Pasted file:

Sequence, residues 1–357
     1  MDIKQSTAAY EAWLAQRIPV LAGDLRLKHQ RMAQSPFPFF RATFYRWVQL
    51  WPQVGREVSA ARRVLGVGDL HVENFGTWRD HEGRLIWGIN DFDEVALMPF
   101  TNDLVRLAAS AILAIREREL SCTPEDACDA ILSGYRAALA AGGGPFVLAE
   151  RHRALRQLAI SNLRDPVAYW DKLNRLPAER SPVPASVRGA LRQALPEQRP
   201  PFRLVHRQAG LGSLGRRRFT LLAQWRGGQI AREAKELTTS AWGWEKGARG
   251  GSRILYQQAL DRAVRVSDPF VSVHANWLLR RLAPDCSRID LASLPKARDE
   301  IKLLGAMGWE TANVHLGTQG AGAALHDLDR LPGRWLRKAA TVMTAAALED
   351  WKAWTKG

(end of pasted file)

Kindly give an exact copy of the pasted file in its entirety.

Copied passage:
Sequence, residues 1–357
     1  MDIKQSTAAY EAWLAQRIPV LAGDLRLKHQ RMAQSPFPFF RATFYRWVQL
    51  WPQVGREVSA ARRVLGVGDL HVENFGTWRD HEGRLIWGIN DFDEVALMPF
   101  TNDLVRLAAS AILAIREREL SCTPEDACDA ILSGYRAALA AGGGPFVLAE
   151  RHRALRQLAI SNLRDPVAYW DKLNRLPAER SPVPASVRGA LRQALPEQRP
   201  PFRLVHRQAG LGSLGRRRFT LLAQWRGGQI AREAKELTTS AWGWEKGARG
   251  GSRILYQQAL DRAVRVSDPF VSVHANWLLR RLAPDCSRID LASLPKARDE
   301  IKLLGAMGWE TANVHLGTQG AGAALHDLDR LPGRWLRKAA TVMTAAALED
   351  WKAWTKG